Every Canadian loves to talk weather. We are all experts about the weather we know. West Coasters know about rain, Westerners from the Prairies know about Chinooks and floods, Northern areas know about short/long nights, long/short days and plenty of snow and bugs and the Maritimers know about it all in a way too painful way. Its winters like this past one that has me wondering about my choices. Of course some Canadians are still being bombarded with snow, wind and ice. But I live in Toronto – not as warm as Vancouver but mostly the envy of other Canadians, weather wise. It is a trade-off for the lack of beauty and fresh air. Today I had my 1st lovely walks of the year with my Chihuahua. Not since early December have we been out for more than 15 minutes. Each occasion I had us both so wrapped up it was hardly worth the effort. Most of the winter my dog would head for her bed when the coat and boots came out.
Usually I find myself commiserating with immigrants about our weather. Toronto is full of immigrants and my area is so thick with them I often feel why bother to travel. I’m serious – my son’s grade school offered 70 language translations and support. I didn’t even know there were 70 languages spoken. I grew up in Canada when our winters were often this harsh and since the ’80’s I have felt like I was telling fairy tales to the new immigrants. We had less in common than our accents and clothes sense indicated.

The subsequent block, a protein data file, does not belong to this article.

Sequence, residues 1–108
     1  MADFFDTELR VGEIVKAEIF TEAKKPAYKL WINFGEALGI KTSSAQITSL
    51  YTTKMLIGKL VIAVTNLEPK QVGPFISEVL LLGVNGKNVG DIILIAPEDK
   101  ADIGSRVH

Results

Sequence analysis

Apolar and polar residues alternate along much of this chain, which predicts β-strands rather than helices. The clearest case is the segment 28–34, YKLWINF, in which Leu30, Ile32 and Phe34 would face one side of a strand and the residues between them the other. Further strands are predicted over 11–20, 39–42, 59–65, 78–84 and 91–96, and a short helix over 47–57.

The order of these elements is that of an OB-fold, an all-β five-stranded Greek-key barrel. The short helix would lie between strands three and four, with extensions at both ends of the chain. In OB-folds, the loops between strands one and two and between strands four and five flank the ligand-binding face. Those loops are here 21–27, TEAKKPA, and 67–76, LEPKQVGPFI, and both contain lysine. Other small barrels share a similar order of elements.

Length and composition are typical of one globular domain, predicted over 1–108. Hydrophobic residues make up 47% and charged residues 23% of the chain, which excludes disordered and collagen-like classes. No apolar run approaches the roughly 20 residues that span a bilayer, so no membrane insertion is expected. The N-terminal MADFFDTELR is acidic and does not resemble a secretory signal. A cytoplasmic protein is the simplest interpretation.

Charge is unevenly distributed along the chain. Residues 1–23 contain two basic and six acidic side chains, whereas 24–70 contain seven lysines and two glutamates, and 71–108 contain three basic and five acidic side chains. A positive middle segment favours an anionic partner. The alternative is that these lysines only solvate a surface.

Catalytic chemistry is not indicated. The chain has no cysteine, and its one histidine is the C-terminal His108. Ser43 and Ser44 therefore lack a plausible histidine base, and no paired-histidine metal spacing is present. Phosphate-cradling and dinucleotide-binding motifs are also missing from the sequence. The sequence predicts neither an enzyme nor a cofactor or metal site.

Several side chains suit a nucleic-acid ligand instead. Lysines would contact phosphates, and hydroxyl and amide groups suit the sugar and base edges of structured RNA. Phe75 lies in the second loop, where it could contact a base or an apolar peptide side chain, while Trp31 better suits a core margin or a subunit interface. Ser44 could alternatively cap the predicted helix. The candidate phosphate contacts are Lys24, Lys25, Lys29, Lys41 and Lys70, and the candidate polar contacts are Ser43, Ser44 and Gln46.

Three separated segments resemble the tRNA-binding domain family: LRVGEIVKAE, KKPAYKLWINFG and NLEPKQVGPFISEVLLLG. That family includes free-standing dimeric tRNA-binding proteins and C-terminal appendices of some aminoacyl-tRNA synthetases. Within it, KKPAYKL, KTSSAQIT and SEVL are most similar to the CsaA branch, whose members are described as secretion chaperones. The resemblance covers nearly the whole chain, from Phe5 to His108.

This winter I can’t connect to their looks of astonishment about all the Arctic Freezes or Polar Vortexes. You get kind of racist about it – you look at certain people and you immediately judge how they are relating to the weather. Being a white Anglo-Canadian I am programed to be sensitive; to be respectful to other cultures who foolishly venture into our country. I honestly have begun to judge all people from Indian, Africa, the Caribbean and the Philippians to be ill prepared or just don’t relate. It pains me to see them walking around in the cold. Today I was talking to another small dog owner and we both were on the same page. She was a Russian immigrant. If we have anything in common – it is the weather. We both chose small dogs – we both didn’t brave the cold to take them for walks either.